India Interior

Minors still tie the knot

Usha Rai | Updated on January 11, 2018 Published on July 14, 2017

Mouth of babes A staggering 12 million Indian children marry before the legal age, a recent study shows PTI

Seventy districts in 13 States have high incidence of child marriages

The longer a girl stays in school, the greater her chances of resisting child marriage. Sarada, who belongs to the poor Poompuhar rural community of Telangana, gave top priority to education and financial independence. Physically challenged, Sarada (20) is completing her BA in a government institution and wants to do her BEd so she can become a teacher.

Her younger sister and an older brother had to discontinue their studies to work and clear a debt taken by the family to repair their house. Sarada ensured she was not pulled out of school by complaining to the labour inspector with the support of her teacher and an SHG (self-help group) for disabled people.

During her senior secondary studies she got an annual scholarship of ₹7,000 and a monthly disability pension from the government.

Since she got no monetary help from her family, on joining college she taught children at a night school and earned ₹1,000 a month — enough to travel to college and buy books. The college fees were waived because of her disability.

Though open to the idea of an arranged marriage, education had given her the confidence to exercise her rights. She also set the terms for getting married — she should not be forced to do farm work and must be treated with respect by her in-laws.

Wedded too soon

The ‘Statistical Analysis of Child Marriage in India — Based on Census 2011’, which was recently released by Young Lives, in collaboration with the National Commission for Protection of Child Rights, shows that a staggering 12 million children (7 million boys and 5 million girls) marry before the legal age.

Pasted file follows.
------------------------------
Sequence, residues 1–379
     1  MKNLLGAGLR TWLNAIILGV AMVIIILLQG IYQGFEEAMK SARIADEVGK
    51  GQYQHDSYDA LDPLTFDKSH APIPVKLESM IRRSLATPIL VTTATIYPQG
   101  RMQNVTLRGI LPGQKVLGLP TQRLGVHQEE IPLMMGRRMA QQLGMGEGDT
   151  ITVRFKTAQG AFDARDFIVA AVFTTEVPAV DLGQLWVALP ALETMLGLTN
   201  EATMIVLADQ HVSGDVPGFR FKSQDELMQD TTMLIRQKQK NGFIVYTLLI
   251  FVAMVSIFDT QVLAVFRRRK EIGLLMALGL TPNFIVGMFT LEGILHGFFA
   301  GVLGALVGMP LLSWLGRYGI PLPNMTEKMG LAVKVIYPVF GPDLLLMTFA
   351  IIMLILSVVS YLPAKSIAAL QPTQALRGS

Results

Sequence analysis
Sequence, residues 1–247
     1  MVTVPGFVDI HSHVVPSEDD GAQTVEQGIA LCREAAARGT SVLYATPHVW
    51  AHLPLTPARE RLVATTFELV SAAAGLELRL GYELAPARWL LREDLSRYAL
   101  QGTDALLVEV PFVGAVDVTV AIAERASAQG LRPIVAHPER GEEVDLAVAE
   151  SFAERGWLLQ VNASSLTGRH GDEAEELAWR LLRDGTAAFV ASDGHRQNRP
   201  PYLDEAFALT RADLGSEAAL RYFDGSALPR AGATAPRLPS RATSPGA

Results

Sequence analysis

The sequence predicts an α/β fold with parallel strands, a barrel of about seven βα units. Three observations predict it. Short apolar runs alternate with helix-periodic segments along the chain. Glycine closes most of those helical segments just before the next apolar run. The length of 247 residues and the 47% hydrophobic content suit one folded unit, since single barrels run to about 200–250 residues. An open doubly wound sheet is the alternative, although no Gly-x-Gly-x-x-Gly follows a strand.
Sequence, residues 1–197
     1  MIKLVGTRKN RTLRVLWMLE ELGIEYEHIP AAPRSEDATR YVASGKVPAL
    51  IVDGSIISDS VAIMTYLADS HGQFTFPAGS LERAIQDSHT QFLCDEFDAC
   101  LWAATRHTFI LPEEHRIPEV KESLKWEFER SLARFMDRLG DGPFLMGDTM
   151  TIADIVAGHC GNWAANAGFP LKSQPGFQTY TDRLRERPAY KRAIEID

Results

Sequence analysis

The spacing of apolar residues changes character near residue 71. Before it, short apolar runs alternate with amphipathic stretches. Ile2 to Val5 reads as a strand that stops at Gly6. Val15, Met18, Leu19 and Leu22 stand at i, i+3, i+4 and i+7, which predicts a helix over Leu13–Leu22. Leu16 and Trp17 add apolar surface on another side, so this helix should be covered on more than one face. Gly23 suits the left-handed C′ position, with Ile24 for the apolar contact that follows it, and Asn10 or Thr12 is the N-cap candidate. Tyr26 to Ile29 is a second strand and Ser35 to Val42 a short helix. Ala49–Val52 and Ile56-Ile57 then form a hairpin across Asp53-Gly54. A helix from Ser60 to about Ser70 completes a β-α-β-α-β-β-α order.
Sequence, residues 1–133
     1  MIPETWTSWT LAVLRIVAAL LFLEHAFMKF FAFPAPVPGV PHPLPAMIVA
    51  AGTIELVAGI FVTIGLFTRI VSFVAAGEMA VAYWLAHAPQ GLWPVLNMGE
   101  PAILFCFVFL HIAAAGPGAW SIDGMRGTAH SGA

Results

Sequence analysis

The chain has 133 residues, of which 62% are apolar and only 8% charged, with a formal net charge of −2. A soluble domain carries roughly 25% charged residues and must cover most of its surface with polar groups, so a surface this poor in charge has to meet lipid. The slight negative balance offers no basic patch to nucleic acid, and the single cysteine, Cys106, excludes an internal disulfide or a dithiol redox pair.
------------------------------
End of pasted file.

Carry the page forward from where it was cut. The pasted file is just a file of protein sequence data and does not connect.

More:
In the 10-14 age group, though the number of marriages has declined, 1.1 million boys and 1.8 million girls were married. Seventy districts in 13 States have been identified for high incidence of child marriages. Stuti Kacker, Chairperson of NCPCR, is hopeful that the statistical analysis will help States adopt appropriate strategies to prevent child marriages.

Viewing daughters as paraya dhan (another’s wealth), parents get them married young for economic and social reasons. Rakesh Srivastava, Secretary, Ministry of Women and Child Development, points out that short-term economic reasons may not serve the long-term interests of girls. The 2016 National Plan of Action for Children hopes to reduce child marriages by 15 per cent by 2021. A ‘child marriage prohibition officer’ is mooted for each district.

States of worry

Dr Renu Singh of Young Lives says the analysis shows there are huge variations in the incidence of child marriage both within and across States, with rural areas showing a larger number. Thirteen of the 70 high-incidence districts are in Rajasthan, 16 in Maharashtra, six each in Gujarat and Bihar, nine each in Uttar Pradesh and Madhya Pradesh, three each in West Bengal, Jharkhand and Arunachal Pradesh, two each in Karnataka, Assam and undivided Andhra Pradesh, and one in Haryana.

Child rights advocates hope that such an in-depth analysis and the move for a child marriage prohibition officer in each district will offer a glimmer of hope in the efforts to end child marriages.

The writer is a senior journalist based in Delhi

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Published on July 14, 2017
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